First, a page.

LOVED IT!!!!!

  19. I was avidly looking forward to this novel as i have read every S.K. under the sun with huge enjoyment his last Mr. Mercedes was just a pure joy an instant classic, however with this one the boats still out on it as to classic status it certainly has something to it a very human and family set story precautionary tale about drug addiction with heart of evil undertones but someway it just falls short, it very much reminded me of Shelly’s Frankenstein especially as the climax rolled around, i dunno maybe a second read would elevate for me it definitely has shocks and horror but not on par as his early novels but it still works for me 6/10 good effort thanks again Stevie.

  20. The story was entertaining, and i greatly enjoyed the relationship between Charlie and Jacobs and it’s natural evolution through their lives.

    The ending was just way too bleak and horrific for my liking.

  21. I thought it was interesting, thoughtful, disturbing, and delightful. Unlike with a lot of authors I found myself lost in the story. Revival truly scared me and I can’t seem to forget about it so eaeasily. Revival, along with many other Stephen King books, was truly a great story. Thank you Stephen King.

  22. Has were fans of SK since I read Carrie first time many years ago, and have read and heard audiobook of most of the stories he’s has written. Revival has a good start, but flatten slightly out to the big climax – at the point where I unfortunately fell off the wagon. It was a bit too much “that’s life after death, so you damn just know it whats waiting for you!”, that moore seems like a delirious dream than something you believe in. So the horror effect disappeared in a fever-imagination. Unfortunately! So I was disappointed.

  23. I started reading his books since I was 13, now 15, and I have to say that The Shining is his best work. Under the Dome second and probably Mr. Mercedes third. This is one of his most strangest novels. What really set this book apart from his others is the characters. I hated when he made Astrid a lesbian and Con the same. It was wrong. Why make them homo. For what purpose. Also it was sad when Claire got shot and the little kids had to watch it happen. This novel primarily focuses more on Jamie then Jacobs. Jacobs was more of a side character or 5th business like they put in the book but the novel focused mainly on Jamie. His addictions and demons. One thing that doesn’t make sense is why Jacobs tried to reanimate Mary Fay. What is the point? He can’t see or hear his son or wife until death and reviving her won’t help him meet them sooner. Overall this is a great book but not one of his best.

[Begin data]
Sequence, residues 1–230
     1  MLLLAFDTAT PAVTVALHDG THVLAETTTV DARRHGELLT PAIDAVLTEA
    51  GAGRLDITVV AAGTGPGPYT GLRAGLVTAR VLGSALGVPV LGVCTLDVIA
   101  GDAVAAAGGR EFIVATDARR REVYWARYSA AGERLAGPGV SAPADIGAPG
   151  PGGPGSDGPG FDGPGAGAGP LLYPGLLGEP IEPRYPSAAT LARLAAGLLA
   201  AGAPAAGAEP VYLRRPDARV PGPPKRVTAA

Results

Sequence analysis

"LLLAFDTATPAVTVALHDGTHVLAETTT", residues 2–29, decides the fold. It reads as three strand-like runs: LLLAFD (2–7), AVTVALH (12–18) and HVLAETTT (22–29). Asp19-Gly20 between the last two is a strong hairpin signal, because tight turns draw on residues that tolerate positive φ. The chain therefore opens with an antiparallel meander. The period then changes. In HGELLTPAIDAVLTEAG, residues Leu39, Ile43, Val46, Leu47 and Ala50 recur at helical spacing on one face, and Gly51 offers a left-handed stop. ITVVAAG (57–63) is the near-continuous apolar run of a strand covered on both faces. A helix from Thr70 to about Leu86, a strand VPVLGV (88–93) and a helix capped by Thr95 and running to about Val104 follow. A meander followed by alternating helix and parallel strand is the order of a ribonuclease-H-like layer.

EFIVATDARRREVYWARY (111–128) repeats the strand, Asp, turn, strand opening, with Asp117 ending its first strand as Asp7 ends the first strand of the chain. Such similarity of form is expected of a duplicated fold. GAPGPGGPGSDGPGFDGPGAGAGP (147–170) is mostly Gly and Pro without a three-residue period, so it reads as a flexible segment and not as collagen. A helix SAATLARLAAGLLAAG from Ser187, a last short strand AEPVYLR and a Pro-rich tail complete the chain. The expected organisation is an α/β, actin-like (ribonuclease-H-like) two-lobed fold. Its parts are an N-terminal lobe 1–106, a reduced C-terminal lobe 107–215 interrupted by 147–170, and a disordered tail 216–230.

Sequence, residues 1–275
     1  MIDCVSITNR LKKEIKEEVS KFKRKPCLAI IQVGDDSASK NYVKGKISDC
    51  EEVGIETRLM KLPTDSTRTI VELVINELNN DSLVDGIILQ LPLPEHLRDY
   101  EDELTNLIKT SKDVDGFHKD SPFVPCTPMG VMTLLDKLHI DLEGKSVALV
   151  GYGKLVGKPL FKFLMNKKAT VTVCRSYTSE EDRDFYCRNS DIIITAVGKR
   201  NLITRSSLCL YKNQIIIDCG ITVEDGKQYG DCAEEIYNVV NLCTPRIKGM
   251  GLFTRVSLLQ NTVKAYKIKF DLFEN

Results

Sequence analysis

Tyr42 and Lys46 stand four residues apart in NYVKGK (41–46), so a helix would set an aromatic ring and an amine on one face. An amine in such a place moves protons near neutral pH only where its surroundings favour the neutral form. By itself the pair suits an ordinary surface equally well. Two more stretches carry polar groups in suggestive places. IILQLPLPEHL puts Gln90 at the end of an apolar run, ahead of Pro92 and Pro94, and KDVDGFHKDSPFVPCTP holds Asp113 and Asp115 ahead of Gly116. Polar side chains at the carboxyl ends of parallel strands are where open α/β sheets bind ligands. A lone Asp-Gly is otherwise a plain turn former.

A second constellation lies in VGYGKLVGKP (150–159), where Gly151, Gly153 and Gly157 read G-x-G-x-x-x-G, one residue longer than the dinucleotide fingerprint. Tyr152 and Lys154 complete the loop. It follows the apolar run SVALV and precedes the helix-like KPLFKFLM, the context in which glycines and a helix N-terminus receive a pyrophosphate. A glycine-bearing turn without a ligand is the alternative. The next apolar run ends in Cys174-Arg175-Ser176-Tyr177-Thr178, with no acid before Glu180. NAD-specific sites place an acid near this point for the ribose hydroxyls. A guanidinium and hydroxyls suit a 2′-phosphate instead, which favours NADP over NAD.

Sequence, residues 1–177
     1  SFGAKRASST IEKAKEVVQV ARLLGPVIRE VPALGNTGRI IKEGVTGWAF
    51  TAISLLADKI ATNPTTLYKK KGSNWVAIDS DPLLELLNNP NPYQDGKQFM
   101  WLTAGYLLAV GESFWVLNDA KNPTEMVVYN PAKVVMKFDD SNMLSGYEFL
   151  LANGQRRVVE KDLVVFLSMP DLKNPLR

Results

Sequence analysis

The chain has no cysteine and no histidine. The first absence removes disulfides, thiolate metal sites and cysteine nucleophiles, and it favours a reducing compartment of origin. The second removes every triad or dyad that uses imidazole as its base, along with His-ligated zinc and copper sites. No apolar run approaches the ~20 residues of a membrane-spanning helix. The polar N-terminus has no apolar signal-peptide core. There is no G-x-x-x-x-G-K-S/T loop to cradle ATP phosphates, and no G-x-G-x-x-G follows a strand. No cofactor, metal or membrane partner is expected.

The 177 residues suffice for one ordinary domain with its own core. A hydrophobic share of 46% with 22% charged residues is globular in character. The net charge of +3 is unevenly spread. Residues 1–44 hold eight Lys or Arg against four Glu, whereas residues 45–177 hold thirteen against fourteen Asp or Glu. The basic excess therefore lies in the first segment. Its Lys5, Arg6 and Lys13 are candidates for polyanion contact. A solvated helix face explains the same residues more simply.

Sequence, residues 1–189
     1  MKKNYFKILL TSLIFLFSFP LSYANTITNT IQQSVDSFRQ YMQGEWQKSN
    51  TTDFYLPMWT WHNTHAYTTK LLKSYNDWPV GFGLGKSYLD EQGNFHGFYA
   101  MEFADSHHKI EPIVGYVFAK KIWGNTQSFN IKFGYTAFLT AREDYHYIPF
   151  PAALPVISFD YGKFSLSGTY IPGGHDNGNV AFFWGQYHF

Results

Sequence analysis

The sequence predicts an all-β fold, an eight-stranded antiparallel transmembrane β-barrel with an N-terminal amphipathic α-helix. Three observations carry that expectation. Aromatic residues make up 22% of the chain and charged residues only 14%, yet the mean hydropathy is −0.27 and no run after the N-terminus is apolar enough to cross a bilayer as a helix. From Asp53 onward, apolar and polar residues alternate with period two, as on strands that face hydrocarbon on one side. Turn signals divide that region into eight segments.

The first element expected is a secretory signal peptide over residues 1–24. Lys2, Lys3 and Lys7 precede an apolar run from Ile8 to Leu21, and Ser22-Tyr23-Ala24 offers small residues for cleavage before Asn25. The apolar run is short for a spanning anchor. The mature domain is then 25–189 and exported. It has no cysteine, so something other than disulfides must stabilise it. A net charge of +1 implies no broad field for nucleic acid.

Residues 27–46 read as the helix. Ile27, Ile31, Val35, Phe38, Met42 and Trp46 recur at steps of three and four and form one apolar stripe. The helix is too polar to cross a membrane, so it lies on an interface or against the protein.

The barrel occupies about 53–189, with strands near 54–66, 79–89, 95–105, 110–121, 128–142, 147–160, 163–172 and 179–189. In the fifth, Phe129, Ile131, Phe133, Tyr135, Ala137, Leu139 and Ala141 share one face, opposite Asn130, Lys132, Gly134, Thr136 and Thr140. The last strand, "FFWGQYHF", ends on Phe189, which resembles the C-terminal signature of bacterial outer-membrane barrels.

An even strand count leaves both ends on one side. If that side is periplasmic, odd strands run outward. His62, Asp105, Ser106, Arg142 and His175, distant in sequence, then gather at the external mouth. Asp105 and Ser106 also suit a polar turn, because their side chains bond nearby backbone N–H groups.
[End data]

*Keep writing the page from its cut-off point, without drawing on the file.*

Also just putting it out there. If Stephen King does read this then I have a new idea for a novel for you. Whatever happened to Charlie in Firestarter. It ended with her going to the press telling her story. I think it would be a great idea to continue from that. Just like with The Shining I think it would be a great idea to make a sequel to Firestarter.

  24. I started reading SK books at the age of 11 or 12 (Carrie, of course, was my first) and I am now 46. I wait quite impatiently for the release of each new story and have loved each of them – some more than others. So it was with great anticipation that I waited for Revival to be released. Reading that it was on par with The Shining, Pet Semetary, and IT; I was extremely excited. IT is the one book that still scares the hell out of me after all these years. That said, I have to disagree with the big build up for this book. I enjoyed it, please don’t get me wrong; but it is very different than those books. In that way, I was disappointed.

    It was almost like 2 different stories, with a Charlie’s “experiments” that ties them together. I enjoyed both parts but for me the best part, the scariest part, was the ending. It freaked me out, but not in an IT way, or even a Stand way.

    I continue to look forward to more stories from, in my opinion, the best story teller in the universe.

  25. The King is back with Revival!
    As a 60 year old Man (just turned October 2014) Stephen King’s work has been my constant companion.